She sat down. Zora poured her tea and joined her. They sat in the silence that fell, it was a rather intense week for Zora. She’d been preparing a presentation for Monday where she is to present to potential research sponsors. She’d spent the last five years studying mental health during and after space excursions. It was a difficult thing for her. Because her studies required her to voyage and she, herself would experience the effects she worked to investigate and cure. Earth is hard but there are a host of woes beyond the atmosphere, too. The space radiation wearing on her body, the zero gravity wearing on her physique, the drastic shift from the holistic diet she was raised on, the fear and anxiety around survival, dealing with the changes upon return, trying to realign with who she was before the excursion and really the ever-present the guilt that lingers from her absence in family, in life and from Lovely. This is why Lovelytime is so important. It was important to learn from the master healer, herself -- continue a familial legacy. This is why Lovelytime doesn’t get postponed or rescheduled. It is both an apology and a promise.


So they sat. And soon, her Grandlady was gently lying down her questions she so desperately held this week. This time, Zora was less curious about how Lovely reached the height of her world but more curious about how she dealt with the altitude up there. She framed her questions around this research project and less about her. But Lovely knew. Lovely knows.  


Lovely began to set down a Sunday story.


“When it comes to the giving of self, Zora --” she started with great concentration. “It has to be accepted that by doing so, you are giving away bits of yourself, much like my flowers an’em back there. You think it don’t hurt a little for that aloe to break me off a piece to rub on a flaming rash? You think that for a moment, it too, ain't in crisis baby? It is, but the barrier gets together and closes back up to protect the juicy, fortifying, abundant flesh. That’s you, baby. Don’t go and turn your offering into a curse just ‘cause you got to do a little more work in protecting your flesh than most other folks. At the same time, know that part of protection is selection. You may not have it to give some days, some months or even some years.”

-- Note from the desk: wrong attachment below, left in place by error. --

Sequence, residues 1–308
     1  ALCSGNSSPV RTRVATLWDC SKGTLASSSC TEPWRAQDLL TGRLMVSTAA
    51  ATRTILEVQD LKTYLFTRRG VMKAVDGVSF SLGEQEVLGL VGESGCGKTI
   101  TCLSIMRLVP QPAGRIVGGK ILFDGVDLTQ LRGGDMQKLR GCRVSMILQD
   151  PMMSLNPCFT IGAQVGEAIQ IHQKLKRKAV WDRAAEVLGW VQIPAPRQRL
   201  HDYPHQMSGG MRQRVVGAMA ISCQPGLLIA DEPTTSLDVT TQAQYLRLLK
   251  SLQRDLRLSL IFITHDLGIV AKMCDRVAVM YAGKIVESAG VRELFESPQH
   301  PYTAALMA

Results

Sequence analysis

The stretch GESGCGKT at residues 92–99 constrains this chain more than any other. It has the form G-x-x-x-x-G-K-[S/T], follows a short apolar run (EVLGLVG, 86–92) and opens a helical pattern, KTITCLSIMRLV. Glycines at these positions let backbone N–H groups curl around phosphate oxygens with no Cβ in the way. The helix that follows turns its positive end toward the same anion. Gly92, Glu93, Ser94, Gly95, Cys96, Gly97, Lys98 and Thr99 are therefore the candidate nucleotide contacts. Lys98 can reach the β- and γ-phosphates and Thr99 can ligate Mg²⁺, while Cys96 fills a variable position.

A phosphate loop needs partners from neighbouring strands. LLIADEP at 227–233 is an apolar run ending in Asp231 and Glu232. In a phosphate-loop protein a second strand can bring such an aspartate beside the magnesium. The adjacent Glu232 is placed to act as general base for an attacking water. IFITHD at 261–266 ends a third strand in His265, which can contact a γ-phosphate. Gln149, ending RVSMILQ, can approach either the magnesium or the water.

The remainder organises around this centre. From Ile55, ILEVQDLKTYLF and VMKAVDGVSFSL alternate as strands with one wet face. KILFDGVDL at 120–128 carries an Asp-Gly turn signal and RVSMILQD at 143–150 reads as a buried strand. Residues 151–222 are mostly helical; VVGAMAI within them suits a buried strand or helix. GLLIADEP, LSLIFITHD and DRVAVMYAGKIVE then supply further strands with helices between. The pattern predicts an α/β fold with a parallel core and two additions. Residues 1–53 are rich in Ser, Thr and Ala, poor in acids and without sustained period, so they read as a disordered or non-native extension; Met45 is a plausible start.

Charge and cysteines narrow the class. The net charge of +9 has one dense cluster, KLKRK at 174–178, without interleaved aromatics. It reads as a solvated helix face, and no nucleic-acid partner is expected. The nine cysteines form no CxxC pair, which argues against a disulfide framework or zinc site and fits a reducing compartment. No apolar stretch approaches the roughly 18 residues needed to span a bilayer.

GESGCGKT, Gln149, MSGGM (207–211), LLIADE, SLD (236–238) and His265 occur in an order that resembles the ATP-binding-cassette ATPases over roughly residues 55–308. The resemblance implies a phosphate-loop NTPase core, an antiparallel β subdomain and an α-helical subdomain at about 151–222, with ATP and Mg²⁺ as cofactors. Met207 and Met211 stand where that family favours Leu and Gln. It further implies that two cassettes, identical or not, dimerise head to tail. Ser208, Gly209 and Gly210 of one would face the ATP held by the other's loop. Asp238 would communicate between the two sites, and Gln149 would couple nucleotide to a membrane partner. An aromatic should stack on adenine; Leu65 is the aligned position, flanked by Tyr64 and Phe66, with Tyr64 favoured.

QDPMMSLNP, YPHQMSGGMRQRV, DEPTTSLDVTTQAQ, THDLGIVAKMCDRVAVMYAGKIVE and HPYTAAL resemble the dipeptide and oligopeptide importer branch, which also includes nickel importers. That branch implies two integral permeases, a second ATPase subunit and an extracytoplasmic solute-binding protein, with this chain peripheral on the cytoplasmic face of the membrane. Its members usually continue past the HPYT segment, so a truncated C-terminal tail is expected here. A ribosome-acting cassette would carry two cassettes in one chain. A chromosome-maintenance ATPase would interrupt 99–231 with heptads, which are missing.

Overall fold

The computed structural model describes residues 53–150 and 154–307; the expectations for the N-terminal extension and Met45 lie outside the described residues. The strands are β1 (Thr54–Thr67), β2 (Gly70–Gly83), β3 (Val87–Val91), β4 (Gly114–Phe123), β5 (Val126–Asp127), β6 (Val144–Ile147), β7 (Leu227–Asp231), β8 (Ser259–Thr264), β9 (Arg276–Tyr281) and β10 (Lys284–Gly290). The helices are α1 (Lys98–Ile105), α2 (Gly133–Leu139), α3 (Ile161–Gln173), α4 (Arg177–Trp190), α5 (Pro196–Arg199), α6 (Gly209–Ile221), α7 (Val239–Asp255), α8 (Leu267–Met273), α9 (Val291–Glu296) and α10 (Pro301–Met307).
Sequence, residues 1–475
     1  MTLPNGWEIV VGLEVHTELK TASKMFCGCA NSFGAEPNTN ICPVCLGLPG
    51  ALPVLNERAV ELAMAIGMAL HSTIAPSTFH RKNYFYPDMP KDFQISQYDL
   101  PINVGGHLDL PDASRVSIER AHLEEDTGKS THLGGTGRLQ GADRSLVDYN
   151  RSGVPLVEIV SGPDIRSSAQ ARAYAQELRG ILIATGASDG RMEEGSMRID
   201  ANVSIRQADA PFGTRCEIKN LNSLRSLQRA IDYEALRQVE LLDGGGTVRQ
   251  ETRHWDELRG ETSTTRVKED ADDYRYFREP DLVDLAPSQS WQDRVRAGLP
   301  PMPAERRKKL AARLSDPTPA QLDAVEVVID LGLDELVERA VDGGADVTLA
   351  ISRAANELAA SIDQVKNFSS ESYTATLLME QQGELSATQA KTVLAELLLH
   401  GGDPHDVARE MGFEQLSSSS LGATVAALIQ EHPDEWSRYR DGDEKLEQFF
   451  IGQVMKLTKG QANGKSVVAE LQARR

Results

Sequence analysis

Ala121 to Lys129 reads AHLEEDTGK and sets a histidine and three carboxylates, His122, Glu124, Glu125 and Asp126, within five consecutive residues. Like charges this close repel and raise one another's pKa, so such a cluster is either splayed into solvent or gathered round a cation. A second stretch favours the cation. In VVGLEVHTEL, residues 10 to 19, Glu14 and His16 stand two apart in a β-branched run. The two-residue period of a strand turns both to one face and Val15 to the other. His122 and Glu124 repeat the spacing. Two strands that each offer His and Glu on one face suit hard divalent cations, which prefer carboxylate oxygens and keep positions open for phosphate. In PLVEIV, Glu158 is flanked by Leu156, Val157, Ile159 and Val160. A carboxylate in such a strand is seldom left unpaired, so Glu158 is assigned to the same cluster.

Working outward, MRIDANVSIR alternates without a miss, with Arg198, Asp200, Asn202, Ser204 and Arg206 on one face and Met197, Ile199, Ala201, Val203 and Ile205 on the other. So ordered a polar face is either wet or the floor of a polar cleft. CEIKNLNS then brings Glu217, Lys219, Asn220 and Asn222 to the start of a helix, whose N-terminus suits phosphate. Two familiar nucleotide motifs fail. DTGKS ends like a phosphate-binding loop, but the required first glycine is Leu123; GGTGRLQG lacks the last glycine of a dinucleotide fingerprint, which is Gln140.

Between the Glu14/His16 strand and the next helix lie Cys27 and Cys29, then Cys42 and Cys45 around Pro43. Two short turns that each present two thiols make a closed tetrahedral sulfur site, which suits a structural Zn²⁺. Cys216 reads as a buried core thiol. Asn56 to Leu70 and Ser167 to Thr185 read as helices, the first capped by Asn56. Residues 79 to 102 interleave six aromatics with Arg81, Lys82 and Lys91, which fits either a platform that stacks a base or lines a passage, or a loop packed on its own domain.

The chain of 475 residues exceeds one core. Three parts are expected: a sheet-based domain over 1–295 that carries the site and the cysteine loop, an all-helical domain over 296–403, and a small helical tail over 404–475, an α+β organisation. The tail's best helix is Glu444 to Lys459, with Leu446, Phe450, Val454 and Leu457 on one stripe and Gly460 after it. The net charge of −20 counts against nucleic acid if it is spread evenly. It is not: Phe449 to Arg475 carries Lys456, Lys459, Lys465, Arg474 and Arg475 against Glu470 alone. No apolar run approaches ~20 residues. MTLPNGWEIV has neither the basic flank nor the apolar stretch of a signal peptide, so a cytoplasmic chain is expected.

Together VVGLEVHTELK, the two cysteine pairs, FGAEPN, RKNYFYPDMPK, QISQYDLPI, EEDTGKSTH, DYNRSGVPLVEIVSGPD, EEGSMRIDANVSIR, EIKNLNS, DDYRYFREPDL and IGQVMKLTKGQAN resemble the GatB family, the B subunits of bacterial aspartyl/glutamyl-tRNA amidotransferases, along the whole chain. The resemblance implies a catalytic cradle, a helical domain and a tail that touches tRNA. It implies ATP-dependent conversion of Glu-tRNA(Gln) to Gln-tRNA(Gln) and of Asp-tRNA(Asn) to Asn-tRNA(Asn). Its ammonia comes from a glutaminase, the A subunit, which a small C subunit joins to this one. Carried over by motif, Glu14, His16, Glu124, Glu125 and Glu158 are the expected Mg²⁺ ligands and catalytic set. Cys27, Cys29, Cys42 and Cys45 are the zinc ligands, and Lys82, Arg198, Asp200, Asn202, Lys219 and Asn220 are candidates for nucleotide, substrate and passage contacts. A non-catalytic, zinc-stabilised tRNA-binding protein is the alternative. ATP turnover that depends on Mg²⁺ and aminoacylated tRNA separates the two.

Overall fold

Zora sat up a little straighter on her seat cushion and lifted her eyes to her elder.


“Your Mama was 4,” she opened, “And I had a one-year-old AND was carryin’ ya heavy headed Uncle Boog. Your Aunty Nile was ‘bout 9 and caring for the five of them when the pregnancy had me down. Now remember, I had 5 and was boppin’ around, tendin’ to business and momin’, wa’n’t never a thing for me but this last one?! Showed me somethin’ I wasn’t too familiar with. My body, who’d carried me so far, told me to slow down. I have the highest respect for my body. So I shut down the shop for a whole 4 years, sold what I had in this garden just by folks comin’ to this house, talkin’ up with me at this little table. Ya Granddaddy taught those years, tutored -- sometimes right here at this table so our babies would know his face and know it well.”


“Picture this:  I done built this business, only until after I came back from my leave did I have folks working for me ‘nough so I can step away without the walls fallin’. I had folks coming to me with their hopes of healing on my lap. I had all these babies (now I had them because I wanted them, wanted them deeply) but I had them and they needed tending to. They deserved to smile and to see their Mama smile. So I had to turn away a lot of the folks who poured into my business -- with hopes and with dollars. But then I came back. For thirty years, three shops, five books, one organization. I can’t say I believe my garden would be this green if I hadn’t closed the gates, then.”


She stopped. She took the concluding sips of her still-warm tea.


“I’m not saying to close your gates, but just know that you can.”


Zora held a cry in her throat. Lovely touched her hand as if she were hitting a button to release the tears. She didn’t believe in the reservation of inhibitions.